Karuna Center: Can you tell me a little bit about your peacebuilding work, and how you first came in contact with Karuna Center?
Mossarat Qadeem: In 2007, when nobody could even speak about community peacebuilding, Paiman started working in the areas that were hard hit by violent extremism. We found there was a lot of opportunity for us to build the capacity of youth and women at the community level in how to conduct community dialogues, and how to resolve small feuds which ultimately lead to incidents of violent extremism, which are used by the extremist groups for the exploitation of the people. That's how we started our work: we felt the need for it, because there was nobody working in that area and there was no capacity in civil society.
Then, we got the opportunity to invite Olivia from Karuna Center, who trained our master trainers in various aspects of conflict transformation and peacebuilding. It gave us a lot of hope that we can invite people like Olivia from international communities who can help build the capacity of Pakistani peacebuilders and peacemakers, and that's the beginning of the relationship with Karuna Center; we came to know about its work, and we came to know about the leadership role that Karuna Center has taken up when it comes to peacebuilding in South Asia. And I would like to pay a great tribute to Paula, who is not only our mentor, but I think she's a global mentor for developing a community of peacebuilders around the globe.
Paiman has been working particularly in the areas where radicalization was on the rise, where violent extremism has affected everybody in the society and the community: Khyber Pakhtunwa and the Federally Administered Tribal Areas [FATA], the region that borders Afghanistan, and which for quite some time was considered the most volatile region in the world. We started our work in those communities, and we started with the youth, and with mothers, because we found potential in building their capacity—but at the same time we found they were very easy prey for violent extremists, because they could use them for their own interest. They took the youth, transformed them into radicalized ones; they worked with mothers, worked with women, and of course radicalized them. So with the same mothers, the same youth, we started building their capacity.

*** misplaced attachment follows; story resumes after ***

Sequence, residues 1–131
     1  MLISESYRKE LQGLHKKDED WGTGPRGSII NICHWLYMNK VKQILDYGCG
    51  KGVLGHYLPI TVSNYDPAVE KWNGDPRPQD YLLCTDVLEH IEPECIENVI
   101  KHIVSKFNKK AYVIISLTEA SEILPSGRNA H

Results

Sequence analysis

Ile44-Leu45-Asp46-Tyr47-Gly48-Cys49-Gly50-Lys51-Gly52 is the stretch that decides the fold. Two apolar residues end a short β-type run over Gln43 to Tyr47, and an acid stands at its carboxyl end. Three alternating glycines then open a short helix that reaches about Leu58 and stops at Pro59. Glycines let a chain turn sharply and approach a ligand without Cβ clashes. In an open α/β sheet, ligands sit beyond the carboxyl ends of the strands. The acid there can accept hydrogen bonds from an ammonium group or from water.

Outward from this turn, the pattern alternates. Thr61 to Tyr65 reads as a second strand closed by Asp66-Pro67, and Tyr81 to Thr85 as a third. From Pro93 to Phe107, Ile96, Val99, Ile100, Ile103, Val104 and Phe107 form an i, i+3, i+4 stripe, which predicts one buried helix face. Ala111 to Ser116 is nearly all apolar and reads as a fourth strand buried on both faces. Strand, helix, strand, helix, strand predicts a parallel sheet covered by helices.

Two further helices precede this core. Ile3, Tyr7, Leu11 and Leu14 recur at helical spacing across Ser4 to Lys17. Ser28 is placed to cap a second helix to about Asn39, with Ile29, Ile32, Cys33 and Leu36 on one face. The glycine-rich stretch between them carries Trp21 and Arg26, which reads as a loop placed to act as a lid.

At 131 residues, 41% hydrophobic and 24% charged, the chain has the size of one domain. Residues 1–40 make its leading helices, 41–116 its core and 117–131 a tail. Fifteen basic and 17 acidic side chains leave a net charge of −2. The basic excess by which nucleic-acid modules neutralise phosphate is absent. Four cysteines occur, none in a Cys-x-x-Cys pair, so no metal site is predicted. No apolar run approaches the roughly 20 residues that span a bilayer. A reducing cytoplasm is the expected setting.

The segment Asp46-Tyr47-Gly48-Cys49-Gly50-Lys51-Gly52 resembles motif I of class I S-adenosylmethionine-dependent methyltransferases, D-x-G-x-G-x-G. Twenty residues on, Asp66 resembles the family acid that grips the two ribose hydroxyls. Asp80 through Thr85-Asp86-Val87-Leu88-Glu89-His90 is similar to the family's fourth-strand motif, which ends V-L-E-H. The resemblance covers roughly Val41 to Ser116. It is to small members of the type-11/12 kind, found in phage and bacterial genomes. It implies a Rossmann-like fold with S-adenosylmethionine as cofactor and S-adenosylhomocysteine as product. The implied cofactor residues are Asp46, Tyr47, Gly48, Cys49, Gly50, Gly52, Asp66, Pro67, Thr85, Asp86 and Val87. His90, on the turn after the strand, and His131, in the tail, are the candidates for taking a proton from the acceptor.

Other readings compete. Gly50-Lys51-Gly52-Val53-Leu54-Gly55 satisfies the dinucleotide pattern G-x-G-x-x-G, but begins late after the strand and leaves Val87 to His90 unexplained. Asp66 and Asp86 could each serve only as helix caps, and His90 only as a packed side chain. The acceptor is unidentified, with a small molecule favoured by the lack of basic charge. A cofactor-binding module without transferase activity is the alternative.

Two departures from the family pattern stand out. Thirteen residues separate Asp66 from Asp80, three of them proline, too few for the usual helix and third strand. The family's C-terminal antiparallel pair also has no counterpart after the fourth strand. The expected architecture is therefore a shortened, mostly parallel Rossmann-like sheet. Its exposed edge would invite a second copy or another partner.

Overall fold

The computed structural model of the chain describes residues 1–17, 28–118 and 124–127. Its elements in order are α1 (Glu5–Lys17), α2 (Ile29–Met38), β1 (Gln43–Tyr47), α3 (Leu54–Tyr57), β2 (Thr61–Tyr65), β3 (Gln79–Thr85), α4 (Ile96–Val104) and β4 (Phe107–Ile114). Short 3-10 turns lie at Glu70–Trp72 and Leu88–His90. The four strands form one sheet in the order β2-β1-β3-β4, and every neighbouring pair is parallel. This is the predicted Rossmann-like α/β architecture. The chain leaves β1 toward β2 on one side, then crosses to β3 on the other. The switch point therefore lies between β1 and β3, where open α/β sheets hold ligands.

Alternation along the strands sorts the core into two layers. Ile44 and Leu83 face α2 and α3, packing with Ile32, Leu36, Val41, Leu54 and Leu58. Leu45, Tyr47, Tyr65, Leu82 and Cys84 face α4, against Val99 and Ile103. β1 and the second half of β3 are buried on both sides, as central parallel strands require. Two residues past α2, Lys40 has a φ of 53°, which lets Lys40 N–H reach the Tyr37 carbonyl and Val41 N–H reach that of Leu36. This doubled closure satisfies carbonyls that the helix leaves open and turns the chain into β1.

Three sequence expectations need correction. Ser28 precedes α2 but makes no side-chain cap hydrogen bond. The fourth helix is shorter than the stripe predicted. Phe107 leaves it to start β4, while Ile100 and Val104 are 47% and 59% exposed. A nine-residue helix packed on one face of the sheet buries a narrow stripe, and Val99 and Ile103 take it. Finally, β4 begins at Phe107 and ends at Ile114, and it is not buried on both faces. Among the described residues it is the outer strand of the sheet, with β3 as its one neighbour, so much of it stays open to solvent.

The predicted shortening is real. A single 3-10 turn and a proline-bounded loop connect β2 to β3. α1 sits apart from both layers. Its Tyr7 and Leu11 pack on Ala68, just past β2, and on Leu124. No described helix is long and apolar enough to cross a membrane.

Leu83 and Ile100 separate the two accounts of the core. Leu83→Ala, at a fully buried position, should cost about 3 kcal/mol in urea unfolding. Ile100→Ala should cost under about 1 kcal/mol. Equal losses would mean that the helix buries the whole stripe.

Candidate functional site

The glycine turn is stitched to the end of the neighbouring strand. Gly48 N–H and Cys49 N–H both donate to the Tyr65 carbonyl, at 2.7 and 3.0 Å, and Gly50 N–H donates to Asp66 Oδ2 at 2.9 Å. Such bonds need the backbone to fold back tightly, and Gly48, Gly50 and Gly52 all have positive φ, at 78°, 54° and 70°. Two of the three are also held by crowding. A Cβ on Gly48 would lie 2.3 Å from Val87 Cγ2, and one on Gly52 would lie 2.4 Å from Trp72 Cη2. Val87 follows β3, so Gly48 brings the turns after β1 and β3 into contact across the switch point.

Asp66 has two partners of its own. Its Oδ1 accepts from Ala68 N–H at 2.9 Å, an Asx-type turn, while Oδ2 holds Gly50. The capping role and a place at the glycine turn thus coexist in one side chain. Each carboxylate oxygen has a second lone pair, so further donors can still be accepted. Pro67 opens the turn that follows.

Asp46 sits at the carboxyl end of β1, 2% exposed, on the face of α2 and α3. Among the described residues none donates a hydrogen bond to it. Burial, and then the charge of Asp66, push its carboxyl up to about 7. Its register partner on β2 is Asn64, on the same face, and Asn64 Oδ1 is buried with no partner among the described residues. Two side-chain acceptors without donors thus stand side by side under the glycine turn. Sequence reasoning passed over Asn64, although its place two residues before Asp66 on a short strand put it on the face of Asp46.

First, we work with the mothers of extremists, we build her capacity in critical thinking, we help her build her capacity in livelihood skills so she starts having something to take back home so that she has a say in the decision making at home—and it helped, because in a conservative society like ours, in Khyber Pakhtunwa and FATA, women are not allowed to go out. So we attracted these women to livelihood skills so when they go back home and start earning, they will be revered, they will be respected, and they will be listened to. We build their capacity in critical thinking where they are told what the indicators are if your son goes the wrong way, because it is always a mother who registers the first sign of resignation, anger, and attitude and behavioral change in her son. So we work with these mothers, and we then formed mothers' peace groups in these same areas and youth peace groups.
It was through the mothers' peace groups that Paiman started identifying the youth who were either on the way to becoming radicalized, who were with the radicalized group or extremist group, or who were very vulnerable to becoming an extremist radical. So Paiman started working with them, and we started transforming, deradicalizing, rehabilitating and reintegrating the youth from these areas, an we used a very indigenous, very localized model of deradicalization and of course rehabilitation. Today our model is recognized as one of the best models for rehabilitation and reintegration of the extremist youth, and its been replicated by three other countries with the help and support of Paiman. The communities today take ownership of this whole process of rehabilitation and reintegration of the deradicalized youth.